When Muna Rouk contacted me about a missed WOW connection on a trip from Baltimore to Frankfurt, I thought she might have a shot at some compensation. “Compensation for a missed WOW connection? Of course not!”
After a 14-hour delay on WOW Air, Rachael Lopez thinks she’s entitled to some compensation. WOW disagrees. Who’s right? “WOW Air, where’s my compensation for that 14-hour delay?”
After Vueling cancels John McDonnell’s flight, he tries to file a claim for compensation. But wait! British Airways issued his ticket. So who should pay? “A canceled British Airways flight to London and confusing claim”
When Aer Lingus cancels Jean McShane’s flight from Orlando to Dublin, it says “local laws” prevent it from compensating her. Is the airline right? “Do “local” laws mean I don’t have a claim for canceled Aer Lingus flight?”
After Lynne Viti and her husband’s flight is delayed, they file a claim for compensation. Then they file another one. Where is their check? “Hey Meridiana Airline, where’s our compensation check?”
Colleen Lamont’s flight from Scotland to Iceland is delayed, making her miss her connecting flight back home. When her airline rebooks her, it’s on a different airline — and to a different return airport than the one she originally booked. Does it owe her anything for the inconvenience? “WOW Air, where’s my $92 refund?”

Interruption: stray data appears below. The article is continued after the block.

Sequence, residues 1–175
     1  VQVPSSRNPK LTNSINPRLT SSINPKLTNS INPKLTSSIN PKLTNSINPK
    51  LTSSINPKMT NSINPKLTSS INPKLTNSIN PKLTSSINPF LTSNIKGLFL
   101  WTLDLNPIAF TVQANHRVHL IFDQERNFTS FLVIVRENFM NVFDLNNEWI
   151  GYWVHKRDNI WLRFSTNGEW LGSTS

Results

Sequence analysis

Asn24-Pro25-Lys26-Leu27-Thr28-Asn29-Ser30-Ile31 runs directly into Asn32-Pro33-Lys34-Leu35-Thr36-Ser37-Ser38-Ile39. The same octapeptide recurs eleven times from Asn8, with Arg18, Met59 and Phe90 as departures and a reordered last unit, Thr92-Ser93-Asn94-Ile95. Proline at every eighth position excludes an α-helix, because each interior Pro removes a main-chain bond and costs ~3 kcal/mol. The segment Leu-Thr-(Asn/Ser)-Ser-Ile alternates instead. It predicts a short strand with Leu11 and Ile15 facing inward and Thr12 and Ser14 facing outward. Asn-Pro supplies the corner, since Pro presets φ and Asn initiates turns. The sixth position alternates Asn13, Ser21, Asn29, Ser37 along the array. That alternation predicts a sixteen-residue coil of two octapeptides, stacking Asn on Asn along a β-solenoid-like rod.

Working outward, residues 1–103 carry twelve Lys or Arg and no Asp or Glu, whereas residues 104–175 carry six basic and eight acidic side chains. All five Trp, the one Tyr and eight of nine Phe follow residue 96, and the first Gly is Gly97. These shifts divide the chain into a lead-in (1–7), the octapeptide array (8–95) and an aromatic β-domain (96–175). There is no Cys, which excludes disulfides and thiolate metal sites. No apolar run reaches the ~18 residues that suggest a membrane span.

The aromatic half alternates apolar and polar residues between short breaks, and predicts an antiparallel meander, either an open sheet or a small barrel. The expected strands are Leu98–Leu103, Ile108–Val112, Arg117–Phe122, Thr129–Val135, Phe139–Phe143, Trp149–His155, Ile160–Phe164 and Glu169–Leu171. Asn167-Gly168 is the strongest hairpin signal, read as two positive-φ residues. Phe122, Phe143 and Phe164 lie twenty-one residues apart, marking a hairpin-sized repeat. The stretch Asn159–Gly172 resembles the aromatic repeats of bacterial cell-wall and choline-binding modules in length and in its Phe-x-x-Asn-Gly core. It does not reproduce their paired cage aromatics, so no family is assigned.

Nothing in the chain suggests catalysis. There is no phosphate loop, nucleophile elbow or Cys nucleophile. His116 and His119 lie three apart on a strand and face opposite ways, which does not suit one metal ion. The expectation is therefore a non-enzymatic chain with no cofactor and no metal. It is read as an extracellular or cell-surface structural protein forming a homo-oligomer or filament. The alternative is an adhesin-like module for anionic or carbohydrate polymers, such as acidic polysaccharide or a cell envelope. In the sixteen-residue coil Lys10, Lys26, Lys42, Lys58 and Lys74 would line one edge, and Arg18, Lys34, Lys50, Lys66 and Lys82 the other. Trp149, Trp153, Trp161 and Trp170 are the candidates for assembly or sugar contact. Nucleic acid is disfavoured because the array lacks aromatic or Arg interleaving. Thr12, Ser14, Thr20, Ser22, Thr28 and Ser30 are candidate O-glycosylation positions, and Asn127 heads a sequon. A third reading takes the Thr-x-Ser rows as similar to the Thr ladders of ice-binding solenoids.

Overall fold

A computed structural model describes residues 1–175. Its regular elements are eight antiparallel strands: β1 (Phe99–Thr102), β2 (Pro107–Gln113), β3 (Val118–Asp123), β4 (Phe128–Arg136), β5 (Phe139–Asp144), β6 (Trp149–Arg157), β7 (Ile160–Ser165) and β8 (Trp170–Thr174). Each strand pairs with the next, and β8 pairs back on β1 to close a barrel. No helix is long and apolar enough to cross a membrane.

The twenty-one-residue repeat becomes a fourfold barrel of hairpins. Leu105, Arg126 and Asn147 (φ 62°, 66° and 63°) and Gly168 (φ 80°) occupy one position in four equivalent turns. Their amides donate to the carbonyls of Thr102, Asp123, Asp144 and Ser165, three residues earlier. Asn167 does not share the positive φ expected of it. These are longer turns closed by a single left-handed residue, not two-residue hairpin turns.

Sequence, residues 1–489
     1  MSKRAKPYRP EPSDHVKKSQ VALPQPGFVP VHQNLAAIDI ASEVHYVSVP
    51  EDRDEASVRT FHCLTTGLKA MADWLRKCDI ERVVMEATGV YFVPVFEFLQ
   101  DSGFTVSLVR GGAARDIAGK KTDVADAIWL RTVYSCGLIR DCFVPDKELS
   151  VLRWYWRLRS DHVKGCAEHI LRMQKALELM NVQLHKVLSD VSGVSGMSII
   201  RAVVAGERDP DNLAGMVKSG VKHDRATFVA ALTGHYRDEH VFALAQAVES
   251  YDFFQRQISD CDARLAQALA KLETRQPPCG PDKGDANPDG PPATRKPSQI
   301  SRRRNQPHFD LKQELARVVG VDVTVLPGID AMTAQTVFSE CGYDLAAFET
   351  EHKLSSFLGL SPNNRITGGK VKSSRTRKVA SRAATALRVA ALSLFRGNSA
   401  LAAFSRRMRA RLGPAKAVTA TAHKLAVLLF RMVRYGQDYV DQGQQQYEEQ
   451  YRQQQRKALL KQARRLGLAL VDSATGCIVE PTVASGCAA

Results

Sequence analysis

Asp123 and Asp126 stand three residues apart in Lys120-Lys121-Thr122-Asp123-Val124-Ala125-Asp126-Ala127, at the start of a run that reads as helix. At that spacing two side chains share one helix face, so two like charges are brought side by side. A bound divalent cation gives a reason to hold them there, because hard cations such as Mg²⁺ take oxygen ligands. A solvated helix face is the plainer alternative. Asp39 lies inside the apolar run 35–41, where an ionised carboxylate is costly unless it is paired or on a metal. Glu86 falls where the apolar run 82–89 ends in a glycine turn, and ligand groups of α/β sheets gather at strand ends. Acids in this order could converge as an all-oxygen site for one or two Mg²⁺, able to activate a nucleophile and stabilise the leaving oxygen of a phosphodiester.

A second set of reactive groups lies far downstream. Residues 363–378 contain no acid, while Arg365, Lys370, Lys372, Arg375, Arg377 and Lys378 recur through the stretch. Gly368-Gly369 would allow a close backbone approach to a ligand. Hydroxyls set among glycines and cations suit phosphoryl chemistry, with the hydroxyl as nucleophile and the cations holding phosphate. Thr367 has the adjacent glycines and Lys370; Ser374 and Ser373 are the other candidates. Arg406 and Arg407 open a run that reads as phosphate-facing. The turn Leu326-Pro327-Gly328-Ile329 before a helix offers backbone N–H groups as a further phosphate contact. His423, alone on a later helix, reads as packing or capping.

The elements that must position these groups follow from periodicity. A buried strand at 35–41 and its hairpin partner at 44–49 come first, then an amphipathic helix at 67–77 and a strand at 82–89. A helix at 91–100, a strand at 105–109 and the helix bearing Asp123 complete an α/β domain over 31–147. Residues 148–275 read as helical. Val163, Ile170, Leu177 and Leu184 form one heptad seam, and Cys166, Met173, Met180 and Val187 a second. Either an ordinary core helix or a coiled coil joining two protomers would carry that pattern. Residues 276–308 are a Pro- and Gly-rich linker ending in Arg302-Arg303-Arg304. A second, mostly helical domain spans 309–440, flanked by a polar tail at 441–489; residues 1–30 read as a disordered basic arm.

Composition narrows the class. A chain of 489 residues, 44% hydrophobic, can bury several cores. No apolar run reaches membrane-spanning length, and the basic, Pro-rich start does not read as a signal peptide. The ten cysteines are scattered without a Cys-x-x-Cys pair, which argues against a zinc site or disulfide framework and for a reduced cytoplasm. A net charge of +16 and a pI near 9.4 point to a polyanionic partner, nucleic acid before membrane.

I love getting emails from readers like Andrew Rapp, who never misses my weekly column, The Travel Troubleshooter, in the Hartford Courant every Sunday. “Fixing your own flight is easier thanks to our new EU 261 FAQ”
Whoever said, “Any landing you can walk away from is a good one” must not have known David Youngquist.
And they aren’t familiar with the current service level at British Airways — at least, not as he experienced it. “No flight, meals, phone or bags from British Airways — and no compensation”
If I’ve seen Lee Wendkos’s case once, I’ve seen it a hundred times. Delayed on his way to Europe, he tried to invoke EU 261, the legendary and often misinterpreted European consumer protection law. And he failed.
Yes, this feature is called Case Dismissed, but there’s a lot to be learned from our consumer missteps. With the busy summer travel season just around the corner, here’s one lesson you need to take with you: Airlines hate EU 261. Get every promise in writing or you’ll end up with nothing.
“The American way of following European consumer protection laws”
Jane Berryman was supposed to fly from Dubrovnik, Croatia, to Tirana, Albania, via Rome. At least that’s what her itinerary said.
“I wasn’t “protected” on my flight to Tirana — should my travel agent pay?”